Recent cases on Inheritance Tax relief on holiday cottage businesses have concluded that it is exceedingly difficult to qualify for business property relief (BPR). However, in this case, HMRC lost the challenge and the tribunal found that a furnished holiday letting business did not consist wholly or mainly of making or holding investments and so qualified for BPR. In reaching the decision, the judge reviewed the extensive list of additional services and personal care provided, which he considered distinguished it from other holiday lettings businesses. He also viewed the business in the round and compared how much time was spent on property investment activities (such as maintenance and property management) compared with time spent providing additional services. The judge found that the time spent on providing services slightly trumped the investment activity. The case was decided on its facts and was exceptional, but it does prove that it is possible for a holiday lettings business to qualify for BPR in certain circumstances.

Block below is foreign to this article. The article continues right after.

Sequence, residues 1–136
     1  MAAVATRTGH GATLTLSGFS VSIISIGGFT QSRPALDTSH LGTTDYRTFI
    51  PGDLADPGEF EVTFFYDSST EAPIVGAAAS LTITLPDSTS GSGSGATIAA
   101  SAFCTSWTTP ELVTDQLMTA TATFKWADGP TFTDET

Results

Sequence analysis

Personal Representatives of Grace Joyce Graham deceased v HMRC (2018)
Right to Use a Golf Course
The Supreme Court has recently upheld a decision that the right to use a golf course, swimming pool or tennis court was capable of being an easement. The court decided that the grant of recreational rights could be an easement if the four well-established conditions for easements could also be demonstrated. In this case, the first two conditions could easily be satisfied: (1) there was dominant and servient land (ie land that benefits and land that is burdened by the easement) and (2) the dominant and servient owners were different people.